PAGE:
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Neurogenic Heterotopic Ossification of the Hip after Brain Injury. Function Recovery Preserving Hip Joint: A Case Report

Case report
[10.13107/jocr.2021.v11.i06.2276]
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Neurogenic Heterotopic Ossification of the Hip after Brain Injury. Function Recovery Preserving Hip Joint: A Case Report

Learning Point of the Article :
The pathogenesis and the proper management of neurogenic heterotopic ossification after brain injuries. NHO Surgeons should be aware of the condition and refer soon patients to specialized centers, cause “functional resection” could restore a satisfying patients’ quality of life preserving at the same time the hip joint.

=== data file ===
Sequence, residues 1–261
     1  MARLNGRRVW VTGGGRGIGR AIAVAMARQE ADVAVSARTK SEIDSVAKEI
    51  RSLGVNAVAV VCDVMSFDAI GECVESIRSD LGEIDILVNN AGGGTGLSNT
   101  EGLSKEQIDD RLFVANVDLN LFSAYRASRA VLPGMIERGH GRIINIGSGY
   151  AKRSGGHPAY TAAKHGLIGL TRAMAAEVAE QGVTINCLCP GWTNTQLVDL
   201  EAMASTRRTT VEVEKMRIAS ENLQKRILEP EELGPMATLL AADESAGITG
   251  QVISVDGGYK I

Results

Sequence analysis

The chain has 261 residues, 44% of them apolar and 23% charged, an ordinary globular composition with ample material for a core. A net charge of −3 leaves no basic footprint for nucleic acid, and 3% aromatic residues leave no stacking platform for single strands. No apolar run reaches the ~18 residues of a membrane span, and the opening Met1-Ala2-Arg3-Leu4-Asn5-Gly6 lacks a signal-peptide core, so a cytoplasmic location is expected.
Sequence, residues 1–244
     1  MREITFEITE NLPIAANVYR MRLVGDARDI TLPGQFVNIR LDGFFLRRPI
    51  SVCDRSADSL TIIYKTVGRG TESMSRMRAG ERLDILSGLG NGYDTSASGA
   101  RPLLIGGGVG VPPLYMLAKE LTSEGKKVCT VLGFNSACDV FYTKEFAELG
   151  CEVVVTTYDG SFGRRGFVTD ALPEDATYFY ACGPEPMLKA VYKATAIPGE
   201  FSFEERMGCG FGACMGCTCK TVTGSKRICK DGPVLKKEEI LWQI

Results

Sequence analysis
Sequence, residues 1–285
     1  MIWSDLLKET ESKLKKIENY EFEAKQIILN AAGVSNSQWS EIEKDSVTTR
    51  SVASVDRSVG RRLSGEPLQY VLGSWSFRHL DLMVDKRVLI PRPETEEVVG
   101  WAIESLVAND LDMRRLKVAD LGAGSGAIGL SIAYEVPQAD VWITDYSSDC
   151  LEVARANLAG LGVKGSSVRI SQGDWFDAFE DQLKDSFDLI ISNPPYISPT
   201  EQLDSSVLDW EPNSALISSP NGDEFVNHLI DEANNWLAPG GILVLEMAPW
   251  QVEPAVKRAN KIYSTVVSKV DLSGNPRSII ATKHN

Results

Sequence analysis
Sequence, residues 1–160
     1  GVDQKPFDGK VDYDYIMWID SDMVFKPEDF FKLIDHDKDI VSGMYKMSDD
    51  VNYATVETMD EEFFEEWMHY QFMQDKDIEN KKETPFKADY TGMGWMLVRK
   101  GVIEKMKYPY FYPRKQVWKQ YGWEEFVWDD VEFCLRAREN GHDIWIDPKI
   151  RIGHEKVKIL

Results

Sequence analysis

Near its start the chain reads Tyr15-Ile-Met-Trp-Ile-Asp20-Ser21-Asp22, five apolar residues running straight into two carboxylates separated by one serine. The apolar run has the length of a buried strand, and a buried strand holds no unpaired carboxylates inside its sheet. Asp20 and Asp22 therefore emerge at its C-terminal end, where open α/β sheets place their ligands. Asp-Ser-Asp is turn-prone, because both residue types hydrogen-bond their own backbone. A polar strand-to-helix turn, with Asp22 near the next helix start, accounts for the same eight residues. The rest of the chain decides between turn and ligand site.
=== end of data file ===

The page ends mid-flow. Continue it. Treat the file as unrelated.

Case report | Volume 12 | Issue 06 | JOCR June 2021 | Page 97-101 | Raffaele Iorio[1], Edoardo Viglietta[1], Carlo Massafra[1], Andrea Ferretti[1]. DOI: 10.13107/jocr.2021.v11.i06.2276
Authors: Raffaele Iorio[1], Edoardo Viglietta[1], Carlo Massafra[1], Andrea Ferretti[1]
[1]Department of Orthopaedic, Andrea Hospital, University of Rome “Sapienza,” Italy. Via di Grottarossa 1035, Rome, Italy.
Address of Correspondence:
Dr. Viglietta Edoardo,
S. Andrea Hospital, University of Rome “Sapienza,” Italy. Via di Grottarossa 1035, Rome (RM), Italy.
E-mail: edoardo.viglietta.93@gmail.com

Introduction: Up to 30% of patients with spinal cord injury and to 20% of patients with traumatic brain injury develop neurogenic heterotopic ossification (NHO). Patients develop restriction in joint range of motion (ROM) and impairment in activities of daily life. When neurological recovery occurs, joints dysfunction represents the cause for patients’ autonomy loss.